which suffer change but denied it of things which are eternal.]

[Footnote 2: See _Nyayakandali,_ pp. 66-69, and _Nyayamanjari_, p. 140.]


of substance consists in this, that it is independent by itself, whereas
the other things such as quality (_gu@na_), action (_karma_), sameness
or generality (_samanya_), speciality or specific individuality
(_vis'e@sa_) and the relation of inherence (_samavaya_) cannot show
themselves without the help of substance (_dravya_). Dravya is thus the
place of rest (_as'raya_) on which all the others depend (_as'@rta_).
Dravya, gu@na, karma, samanya, vis'e@sa, and samavaya are the six original
entities of which all things in the world are made up [Footnote ref 1].
When a man through some special merit, by the cultivation of reason and
a thorough knowledge of the fallacies and pitfalls in the way
of right thinking, comes to know the respective characteristics
and differences of the above entities, he ceases to have any
passions and to work in accordance with their promptings and
attains a conviction of the nature of self, and is liberated [Footnote ref
2]. The Nyaya-Vais'e@sika is a pluralistic system which neither tries to
reduce the diversity of experience to any universal principle, nor
dismisses patent facts of experience on the strength of the demands
of the logical coherence of mere abstract thought. The
entities it admits are taken directly from experience. The underlying
principle is that at the root of each kind of perception there
must be something to which the perception is due. It classified the
percepts and concepts of experience into several ultimate types
or categories (_padartha_), and held that the notion of each type
was due to the presence of that entity. These types are six in
number--dravya, gu@na, etc. If we take a percept "I see a red
book," the book appears to be an independent entity on which
rests the concept of "redness" and "oneness," and we thus call the
book a substance (_dravya_); dravya is thus defined as that which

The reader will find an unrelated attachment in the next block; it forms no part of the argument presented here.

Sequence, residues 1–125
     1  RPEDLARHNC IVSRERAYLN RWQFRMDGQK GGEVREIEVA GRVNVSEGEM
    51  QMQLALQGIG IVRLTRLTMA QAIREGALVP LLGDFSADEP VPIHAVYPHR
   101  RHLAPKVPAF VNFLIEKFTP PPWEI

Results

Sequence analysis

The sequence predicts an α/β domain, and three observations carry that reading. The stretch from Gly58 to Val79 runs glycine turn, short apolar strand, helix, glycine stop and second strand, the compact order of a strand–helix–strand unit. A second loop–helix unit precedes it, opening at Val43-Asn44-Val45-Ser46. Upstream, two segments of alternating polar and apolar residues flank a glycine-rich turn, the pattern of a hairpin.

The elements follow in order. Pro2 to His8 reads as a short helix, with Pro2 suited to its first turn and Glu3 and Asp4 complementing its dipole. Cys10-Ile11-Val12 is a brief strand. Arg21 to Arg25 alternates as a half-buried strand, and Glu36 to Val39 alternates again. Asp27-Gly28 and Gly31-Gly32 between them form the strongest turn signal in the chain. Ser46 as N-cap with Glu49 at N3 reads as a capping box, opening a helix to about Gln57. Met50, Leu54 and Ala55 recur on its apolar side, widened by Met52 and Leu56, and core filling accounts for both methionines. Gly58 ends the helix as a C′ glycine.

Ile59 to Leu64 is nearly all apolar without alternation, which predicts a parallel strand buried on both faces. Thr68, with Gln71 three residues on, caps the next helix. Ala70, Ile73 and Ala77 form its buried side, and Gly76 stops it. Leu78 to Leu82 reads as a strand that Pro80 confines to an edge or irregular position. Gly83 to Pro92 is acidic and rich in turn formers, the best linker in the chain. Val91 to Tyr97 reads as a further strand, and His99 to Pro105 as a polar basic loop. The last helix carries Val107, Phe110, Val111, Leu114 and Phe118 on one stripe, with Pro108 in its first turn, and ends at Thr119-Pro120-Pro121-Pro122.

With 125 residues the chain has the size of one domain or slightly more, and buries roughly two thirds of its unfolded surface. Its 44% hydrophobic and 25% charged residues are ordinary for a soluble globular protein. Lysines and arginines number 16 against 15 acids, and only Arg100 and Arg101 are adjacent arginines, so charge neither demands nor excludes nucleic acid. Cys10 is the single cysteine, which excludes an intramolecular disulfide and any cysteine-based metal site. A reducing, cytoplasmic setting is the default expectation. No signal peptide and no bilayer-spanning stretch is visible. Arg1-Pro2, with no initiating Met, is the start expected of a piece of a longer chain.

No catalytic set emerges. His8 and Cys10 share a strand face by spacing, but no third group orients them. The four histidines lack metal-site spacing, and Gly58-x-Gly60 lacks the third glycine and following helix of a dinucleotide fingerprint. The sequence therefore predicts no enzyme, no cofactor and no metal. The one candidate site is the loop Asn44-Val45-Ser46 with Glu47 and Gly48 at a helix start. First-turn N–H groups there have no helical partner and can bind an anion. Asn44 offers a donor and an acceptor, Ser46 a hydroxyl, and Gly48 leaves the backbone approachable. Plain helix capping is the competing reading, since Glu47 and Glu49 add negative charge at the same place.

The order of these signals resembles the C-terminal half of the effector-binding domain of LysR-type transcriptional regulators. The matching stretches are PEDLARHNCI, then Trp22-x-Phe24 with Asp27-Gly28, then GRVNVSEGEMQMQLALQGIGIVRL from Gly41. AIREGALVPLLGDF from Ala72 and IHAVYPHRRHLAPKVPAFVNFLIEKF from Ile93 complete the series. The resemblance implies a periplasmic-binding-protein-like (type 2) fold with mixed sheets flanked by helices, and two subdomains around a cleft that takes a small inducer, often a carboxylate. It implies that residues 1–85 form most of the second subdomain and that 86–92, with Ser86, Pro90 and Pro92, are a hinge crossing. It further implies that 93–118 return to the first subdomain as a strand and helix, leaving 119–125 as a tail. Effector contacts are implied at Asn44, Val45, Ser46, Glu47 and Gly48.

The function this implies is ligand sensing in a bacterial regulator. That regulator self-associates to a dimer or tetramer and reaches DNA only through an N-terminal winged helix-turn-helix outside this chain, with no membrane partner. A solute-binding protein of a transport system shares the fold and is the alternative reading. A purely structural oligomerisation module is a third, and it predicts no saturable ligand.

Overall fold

has the characteristic of a dravya (_dravyatva_). So also gu@na and
karma. In the subdivision of different kinds of dravya also the
same principle of classification is followed. In contrasting it with
Sa@mkhya or Buddhism we see that for each unit of sensation (say


[Footnote 1: _Abhava_ (negation) as dependent on bhava (position) is
mentioned in the _Vais'e@sika sutras_. Later Nyaya writers such as
Udayana include _abhava_ as a separate category, but S'ridhara a
contemporary of Udayana rightly remarks that abhava was not
counted by Pras'astapada as it was dependent on bhava--"_abhavasya
prthaganupades'a@h bhavaparatantryat na tvabhavat_." _Nyayakandali_,
p. 6, and _Lak@sa@navali_, p. 2.]

[Footnote 2: "_Tattvato jnate@su bahyadhyatmike@su vi@saye@su
do@sadars'anat viraktasya samihaniv@rttau atmajnasya tadarthani
karmanyakurvatah tatparityagasadhanani s'rutism@rtyuditani
asa@nkalpitaphalani upadadanasya atmajnanamabhyasyata@h
prak@r@s@tanivarttakadharmopacaye sati
paripakvatmajnanasyatyantikas'ariraviyogasya bhavat._" _Ibid._ p. 7.]


whiteness) the latter would admit a corresponding real, but
Nyaya-Vais'e@sika would collect "all whiteness" under the name
of "the quality of white colour" which the atom possessed [Footnote ref l].
They only regarded as a separate entity what represented an ultimate
mode of thought. They did not enquire whether such notions
could be regarded as the modification of some other notion or
not; but whenever they found that there were some experiences
which were similar and universal, they classed them as separate
entities or categories.

The six Padarthas: Dravya, Gu@na, Karma, Samanya,
Vis'e@sa, Samavaya.

Of the six classes of entities or categories (_padartha_) we have
already given some account of dravya [Footnote ref 2]. Let us now turn to
the others. Of the qualities (_gu@na_) the first one called _rupa_
(colour) is that which can be apprehended by the eye alone
and not by any other sense. The colours are white, blue,
yellow, red, green, brown and variegated (_citra_). Colours are
found only in k@siti, ap and tejas. The colours of ap and tejas are
permanent (_nitya_}, but the colour of k@siti changes when heat
is applied, and this, S'ridhara holds, is due to the fact that
heat changes the atomic structure of k@siti (earth) and thus the
old constitution of the substance being destroyed, its old colour
is also destroyed, and a new one is generated. Rupa is the general
name for the specific individual colours. There is the genus _rupatva_
(colourness), and the rupa gu@na (quality) is that on which
rests this genus; rupa is not itself a genus and can be apprehended
by the eye.

The second is _rasa_ (taste), that quality of things which can be
apprehended only by the tongue; these are sweet, sour, pungent
(_ka@tu_), astringent (ka@saya) and bitter (tikta). Only k@siti and ap
have taste. The natural taste of ap is sweetness. Rasa like
rupa also denotes the genus rasatva, and rasa as quality must
be distinguished from rasa as genus, though both of them are
apprehended by the tongue.

The third is _gandha_ (odour), that quality which can be
apprehended by the nose alone. It belongs to k@siti alone. Water


[Footnote 1: The reference is to Sautrantika Buddhism, "yo yo
vruddhadhyasavan nasaveka@h." See Pa@n@ditas'oka's _Avayavinirakarana,
Six Buddhist Nyaya tracts_.

[Footnote 2: The word "padartha" literally means denotations of words.]


or air is apprehended as having odour on account of the presence